Firms “completely consumed” by solving regulatory projects are holding back proper back office innovation in capital markets, according to Alastair Rutherford senior advisor for Nomura Research Institute. Speaking at an industry event in London this week, he argued that when companies are tying up “key resources” on regulatory projects, they “shy away” from legacy infrastructure renovation.
That reticence is “all well and good,” he adds, but just “stacks risk up for the future” when there are still things that need to be dealt with in the short term: “One is cost, which we see people throwing robots at, but the other is having data in your legacy system which you actually need to make more accessible. You generally need to do something to get that into a more of an open environment.”
Joining Rutherford was Oliver Cooke, NatWest Markets’ head of trading. “From what I’ve seen, actually just getting the basics right improves the workflow automation,” he said. “There should be a big focus on getting the data right and getting it right first time, then shifting to processes. I think many of these technologies – blockchain, AI, machine learning – they’re for the future, really. It seems to me that so many back-office environments are so complex that sorting that out first is the way to go.”
According to a 2018 survey from SIFMA, 80% of capital markets firms are assessing the value of AI, machine learning and robotic process automation (RPA), while 39% of respondents are progressing to the proof of concept stage. 22% stated they had entered full production. In line with Cooke’s comments, the major concern for those surveyed by SIFMA was the standardisation and quality control of data, which 53% cited as a top priority
“We do see people who have gone down the route of building something quite flexible like APIs into their architecture,” stated Rutherford. “Our view is that there is still a massive risk stacked up in the core books and records systems across most of the industry that will at some point need to be addressed.”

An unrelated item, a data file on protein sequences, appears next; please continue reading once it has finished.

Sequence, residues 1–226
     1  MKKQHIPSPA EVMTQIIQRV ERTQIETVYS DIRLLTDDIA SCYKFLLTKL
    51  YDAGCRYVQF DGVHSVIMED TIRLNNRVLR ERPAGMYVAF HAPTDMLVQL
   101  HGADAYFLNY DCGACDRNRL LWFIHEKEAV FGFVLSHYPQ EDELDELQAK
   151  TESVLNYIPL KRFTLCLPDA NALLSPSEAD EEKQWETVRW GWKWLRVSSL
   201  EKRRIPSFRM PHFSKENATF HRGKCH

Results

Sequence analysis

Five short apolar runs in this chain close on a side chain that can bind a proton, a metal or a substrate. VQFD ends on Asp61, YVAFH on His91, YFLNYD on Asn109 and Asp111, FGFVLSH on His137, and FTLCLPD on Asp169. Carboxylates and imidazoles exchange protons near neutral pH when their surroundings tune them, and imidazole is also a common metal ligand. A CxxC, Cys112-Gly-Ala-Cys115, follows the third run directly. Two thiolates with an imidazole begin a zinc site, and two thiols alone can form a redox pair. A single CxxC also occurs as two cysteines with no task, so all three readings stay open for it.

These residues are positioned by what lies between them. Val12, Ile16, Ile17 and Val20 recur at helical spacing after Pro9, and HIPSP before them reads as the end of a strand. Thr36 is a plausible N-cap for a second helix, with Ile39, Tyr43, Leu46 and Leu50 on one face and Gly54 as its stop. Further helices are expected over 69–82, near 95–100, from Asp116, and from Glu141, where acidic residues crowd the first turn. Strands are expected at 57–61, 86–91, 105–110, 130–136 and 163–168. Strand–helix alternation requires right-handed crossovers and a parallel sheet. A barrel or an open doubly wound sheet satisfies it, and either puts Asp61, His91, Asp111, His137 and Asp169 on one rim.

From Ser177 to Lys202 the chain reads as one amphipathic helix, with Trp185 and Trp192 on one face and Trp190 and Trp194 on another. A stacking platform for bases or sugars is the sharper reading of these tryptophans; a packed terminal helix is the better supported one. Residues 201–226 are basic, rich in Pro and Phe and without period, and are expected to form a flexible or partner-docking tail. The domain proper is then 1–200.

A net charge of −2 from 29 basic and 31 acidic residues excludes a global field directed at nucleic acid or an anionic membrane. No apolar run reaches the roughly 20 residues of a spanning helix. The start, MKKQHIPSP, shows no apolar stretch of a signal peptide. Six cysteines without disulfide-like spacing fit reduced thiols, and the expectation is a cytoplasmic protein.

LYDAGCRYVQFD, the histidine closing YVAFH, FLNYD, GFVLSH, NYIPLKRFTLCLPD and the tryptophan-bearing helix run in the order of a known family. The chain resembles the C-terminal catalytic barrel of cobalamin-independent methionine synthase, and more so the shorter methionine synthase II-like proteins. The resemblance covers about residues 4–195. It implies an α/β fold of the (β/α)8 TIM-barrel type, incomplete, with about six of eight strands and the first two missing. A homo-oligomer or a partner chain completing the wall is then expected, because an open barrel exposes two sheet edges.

Many firms have turned to robotic process automation (RPA) to assist with back office workflows. More than three-quarters of those responding to a 2017 Deloitte survey on RPA said that they expected to “significantly increase” investment in the area up until 2020. Among the RPA benefits expected by respondents were improved compliance (92%), improved productivity (86%) and cost reduction (59%).
A lot of organisations are putting “an awful lot of effort” into RPA, said Rutherford. “It may be the case that there are other investments around the AI, machine learning, and blockchain uses in the front office, but in the back we see lots of people frantically trying to reduce costs by implementing robots.”
It’s easy to see the rationale behind this, he continued, when you see how some departments are “completely consumed” with regulatory work. “You give the robots to those in the operations department, who say ‘excellent, off we go, this is simple scripting language’ and we get all sorts of things which look wonderful in a proof-of-concept but have typically gone very wrong when they’ve gone to implementation.”
The time for back office change is now, argued Rutherford. He gave the example of “quite a large German organisation” which had told him the average age of its support team covering the books and records was 57. Even with the bells and whistles of fintech innovation, he added, “there’s a real risk that we’re going to have key skills shortages, where legacy systems are not understood, not properly managed, and that will have a massive impact on the customer base.”